In 2020, we got our baby chicks in April. This year, we got them in early March.
So, grass is not an option for us, but if you’ve got a lawn of green already, then by all means use it. In small quantities, it’s a great way to introduce their digestive systems to what they’ll be gaining outdoors.
While I understand that some don’t think it’s right to feed treats to chicks, I strongly disagree…
If a baby chick was being raised naturally by it’s mother, then she’d be giving it all kinds of food from the wild, including grasses and worms.
And furthermore…do you think your ancestors ran to the feed store to pick up grit or special “age-appropriate” chicken treats?
The answer would be a big, fat resounding NO!
I know mine didn’t! They fed them all kinds of kitchen scraps, no matter what their age.
So, I think it’s safe to feed my baby chicks a few small treats here and there.
If you don’t, that’s okay – it’s totally your choice!
Moving Baby Chicks to the Big Coop
Now that you’ve been watching your little baby chicks grow up for about 12 weeks, it’s time for them to move outside to the big coop!
Such a proud moment for a chicken Mama (and a grateful one because the layer of pine shaving dust in your house is finally clean)!
If you don’t have any other chickens, then it’s safe to move your big girls into the coop at any time after the nighttime temperatures are above 45 degrees consistently.
Preparing the Big Coop for your Chickens
We’ve chosen to use the deep litter bedding method in our chicken coop, which I highly recommend!
Here’s how we do it…
Start with a layer of builders grade sand, about 3 inches deep.
Add a 3 inch layer of pine shavings on top of the sand.
Once a month, add another 3 inch or so layer of pine shavings.
Clean out entirely (and repeat) in the spring and fall each year.
That’s right, my friend…I only clean the chicken coop 2x a year! And there is virtually no stench at all!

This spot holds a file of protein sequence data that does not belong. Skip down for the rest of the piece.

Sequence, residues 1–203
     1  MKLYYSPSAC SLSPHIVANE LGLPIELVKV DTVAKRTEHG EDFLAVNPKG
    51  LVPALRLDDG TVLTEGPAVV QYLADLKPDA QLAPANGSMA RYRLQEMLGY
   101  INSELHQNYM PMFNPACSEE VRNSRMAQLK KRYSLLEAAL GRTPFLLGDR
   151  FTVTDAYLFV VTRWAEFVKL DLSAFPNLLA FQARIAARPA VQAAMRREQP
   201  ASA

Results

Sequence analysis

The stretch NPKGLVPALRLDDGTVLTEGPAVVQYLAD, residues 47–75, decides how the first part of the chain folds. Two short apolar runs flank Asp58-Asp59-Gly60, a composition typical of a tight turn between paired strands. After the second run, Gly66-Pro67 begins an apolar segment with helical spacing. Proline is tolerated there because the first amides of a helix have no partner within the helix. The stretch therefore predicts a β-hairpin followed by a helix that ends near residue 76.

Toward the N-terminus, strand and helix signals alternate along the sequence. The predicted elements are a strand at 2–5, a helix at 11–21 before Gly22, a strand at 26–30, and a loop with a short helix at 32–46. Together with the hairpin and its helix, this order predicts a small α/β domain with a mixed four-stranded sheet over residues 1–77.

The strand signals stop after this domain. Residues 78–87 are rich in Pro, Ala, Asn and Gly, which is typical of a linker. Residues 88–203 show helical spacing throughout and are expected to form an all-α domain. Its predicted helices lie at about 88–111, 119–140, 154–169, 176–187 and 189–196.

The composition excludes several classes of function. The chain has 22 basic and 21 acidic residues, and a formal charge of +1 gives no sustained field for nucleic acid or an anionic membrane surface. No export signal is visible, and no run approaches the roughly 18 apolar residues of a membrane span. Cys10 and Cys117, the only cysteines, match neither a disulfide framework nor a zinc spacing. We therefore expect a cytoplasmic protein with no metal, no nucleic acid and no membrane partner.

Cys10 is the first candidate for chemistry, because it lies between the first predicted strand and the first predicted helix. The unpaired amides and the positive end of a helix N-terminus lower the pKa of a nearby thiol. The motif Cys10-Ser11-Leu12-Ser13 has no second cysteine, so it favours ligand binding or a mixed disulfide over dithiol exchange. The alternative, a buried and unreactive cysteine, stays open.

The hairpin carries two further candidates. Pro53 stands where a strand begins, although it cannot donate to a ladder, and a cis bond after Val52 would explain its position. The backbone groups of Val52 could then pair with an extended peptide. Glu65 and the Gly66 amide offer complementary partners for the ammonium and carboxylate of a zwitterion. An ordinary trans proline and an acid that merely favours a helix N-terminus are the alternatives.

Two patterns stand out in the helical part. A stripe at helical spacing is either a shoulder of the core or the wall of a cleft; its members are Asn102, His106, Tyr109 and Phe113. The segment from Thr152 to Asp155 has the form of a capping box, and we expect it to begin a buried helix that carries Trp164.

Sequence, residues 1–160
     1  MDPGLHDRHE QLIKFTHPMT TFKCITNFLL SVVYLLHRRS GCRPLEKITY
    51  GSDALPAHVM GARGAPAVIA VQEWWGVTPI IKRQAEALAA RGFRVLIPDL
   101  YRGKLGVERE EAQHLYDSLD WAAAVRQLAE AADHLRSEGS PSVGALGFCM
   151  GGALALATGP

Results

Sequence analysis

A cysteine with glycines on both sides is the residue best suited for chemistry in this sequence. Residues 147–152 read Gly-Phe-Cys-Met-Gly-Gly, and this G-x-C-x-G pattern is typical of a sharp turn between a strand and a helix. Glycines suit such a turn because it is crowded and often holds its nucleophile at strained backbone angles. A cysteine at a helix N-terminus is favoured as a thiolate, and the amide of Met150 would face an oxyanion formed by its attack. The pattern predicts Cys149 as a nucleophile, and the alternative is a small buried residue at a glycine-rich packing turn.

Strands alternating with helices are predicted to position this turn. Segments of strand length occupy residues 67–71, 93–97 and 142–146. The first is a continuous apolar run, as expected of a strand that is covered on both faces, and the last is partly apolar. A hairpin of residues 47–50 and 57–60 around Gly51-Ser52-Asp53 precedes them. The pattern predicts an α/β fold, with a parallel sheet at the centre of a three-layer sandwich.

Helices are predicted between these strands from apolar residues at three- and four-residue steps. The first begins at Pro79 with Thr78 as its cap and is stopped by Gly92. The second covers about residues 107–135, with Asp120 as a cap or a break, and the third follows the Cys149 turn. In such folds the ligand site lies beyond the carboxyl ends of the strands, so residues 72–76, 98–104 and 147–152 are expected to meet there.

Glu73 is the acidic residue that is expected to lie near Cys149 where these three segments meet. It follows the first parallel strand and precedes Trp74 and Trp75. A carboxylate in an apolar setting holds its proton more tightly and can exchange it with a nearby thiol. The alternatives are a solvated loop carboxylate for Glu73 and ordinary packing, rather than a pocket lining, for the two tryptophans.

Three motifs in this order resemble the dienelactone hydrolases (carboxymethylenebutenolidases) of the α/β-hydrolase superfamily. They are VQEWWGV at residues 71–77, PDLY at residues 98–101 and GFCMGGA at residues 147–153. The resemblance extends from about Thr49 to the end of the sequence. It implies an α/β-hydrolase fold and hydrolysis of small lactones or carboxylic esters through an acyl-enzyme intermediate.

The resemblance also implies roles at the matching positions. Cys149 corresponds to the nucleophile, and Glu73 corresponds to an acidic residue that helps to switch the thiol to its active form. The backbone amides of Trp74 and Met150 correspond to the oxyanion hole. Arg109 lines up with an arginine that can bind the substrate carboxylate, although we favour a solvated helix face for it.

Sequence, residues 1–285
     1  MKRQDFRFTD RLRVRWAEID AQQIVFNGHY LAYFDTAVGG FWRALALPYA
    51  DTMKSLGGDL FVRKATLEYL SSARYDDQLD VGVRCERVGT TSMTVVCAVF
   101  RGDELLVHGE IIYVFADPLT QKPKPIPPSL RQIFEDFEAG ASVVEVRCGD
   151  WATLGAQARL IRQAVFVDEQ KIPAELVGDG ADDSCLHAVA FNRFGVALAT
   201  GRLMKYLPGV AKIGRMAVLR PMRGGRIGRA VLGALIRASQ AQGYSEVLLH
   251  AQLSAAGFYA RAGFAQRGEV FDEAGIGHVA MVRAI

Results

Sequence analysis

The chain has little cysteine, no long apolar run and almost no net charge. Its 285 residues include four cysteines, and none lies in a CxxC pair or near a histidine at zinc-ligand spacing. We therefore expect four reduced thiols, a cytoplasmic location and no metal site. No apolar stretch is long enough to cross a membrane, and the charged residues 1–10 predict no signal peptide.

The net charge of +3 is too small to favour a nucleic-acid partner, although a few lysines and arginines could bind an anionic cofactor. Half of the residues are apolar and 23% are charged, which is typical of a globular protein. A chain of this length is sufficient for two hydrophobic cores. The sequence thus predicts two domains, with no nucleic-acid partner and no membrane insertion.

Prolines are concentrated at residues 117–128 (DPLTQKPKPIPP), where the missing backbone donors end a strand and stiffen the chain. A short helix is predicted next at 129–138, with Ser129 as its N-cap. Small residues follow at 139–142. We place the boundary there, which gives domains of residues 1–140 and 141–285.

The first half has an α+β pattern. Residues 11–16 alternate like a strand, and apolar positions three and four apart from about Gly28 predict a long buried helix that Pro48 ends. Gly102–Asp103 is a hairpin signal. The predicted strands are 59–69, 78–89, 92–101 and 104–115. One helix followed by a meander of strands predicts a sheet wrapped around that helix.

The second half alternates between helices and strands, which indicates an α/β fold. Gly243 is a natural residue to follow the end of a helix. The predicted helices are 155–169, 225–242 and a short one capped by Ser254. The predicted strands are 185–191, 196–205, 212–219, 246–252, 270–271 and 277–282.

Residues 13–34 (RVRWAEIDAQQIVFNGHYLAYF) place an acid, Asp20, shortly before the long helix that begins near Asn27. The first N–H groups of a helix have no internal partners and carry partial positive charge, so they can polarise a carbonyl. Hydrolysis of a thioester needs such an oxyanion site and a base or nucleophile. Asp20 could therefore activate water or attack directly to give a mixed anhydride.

I know you’re thinking, HOW CAN THAT POSSIBLY BE?
And the answer is, because the deep litter method works much like composting. By consistently adding “brown” material to the chicken manure and mixing it around, it breaks down the bacteria that create the usual smell.
Some people choose to do this with grass clippings, dried leaves, garden clippings and even paper shavings. There’s lots of different ways to create deep litter and I suggest you do some research, if you’re interested, because it saves so much time!
So, now that you’ve got the bedding all ready to go, it’s time to for water and food.
Feeding and Watering Chickens in an Outside Coop
There are lots and lots of fancy feeders available on the market for chickens, but do you really need one?
No, you don’t. Don’t waste your money on some expensive feeder because some advertisement told you need it. You really don’t!
We started out with a 5 gallon pail feeder that the husband made after chatting with a salesperson at our local farm store. It was very similar to this one from Bless this Mess.
The only thing we did differently was the feed holder on the bottom. Instead of the foil pan she chose, we used a rubber horse feeding bowl and it worked great.
Early this spring, we upgraded to a larger, wall hanging feeder that the husband made out of some scrap plywood and beadboard.
And we now use the rubber feeding bowl for water instead of the hanging waterer that they constantly spilled all over in the coop.
But, you can use anything that you have available, really. Don’t waste a ton of money on fancy feeders, they just get super messy and beat up anyway.
Here’s a few ideas that you can make using recycled/scrap materials from around the house…
- PVC Chicken Waterer from instructables.com
- Hanging Coffee Can Chicken Feeder from Willamette Valley Homesteader
- DIY Chicknic Table from Creative Green Living
LOVE that Chicknic Table! I really want to build one for my ladies this summer.
So, what do you think? Are you ready to get some baby chicks?
You might also like these tutorials:
- How to Start a Vegetable Garden Indoors
- Make Your Own Dried Apple Slices with Cinnamon Sugar for PENNIES!
- DIY Stone Walkways and Wood Garden Beds
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Have a Spectacular Day!
Vanessa Hamlin is the owner and founder of Food Life Design and VLHamlinDesign. With her passion for frugal living and homesteading, Vanessa loves to write about easy recipes, making money, gardening, home remedies and everything else that a good life entails! When she’s not writing for Food Life Design or creating products for VLHamlinDesign, you’ll find Vanessa reading, drawing, gardening, cooking or spending time with her family.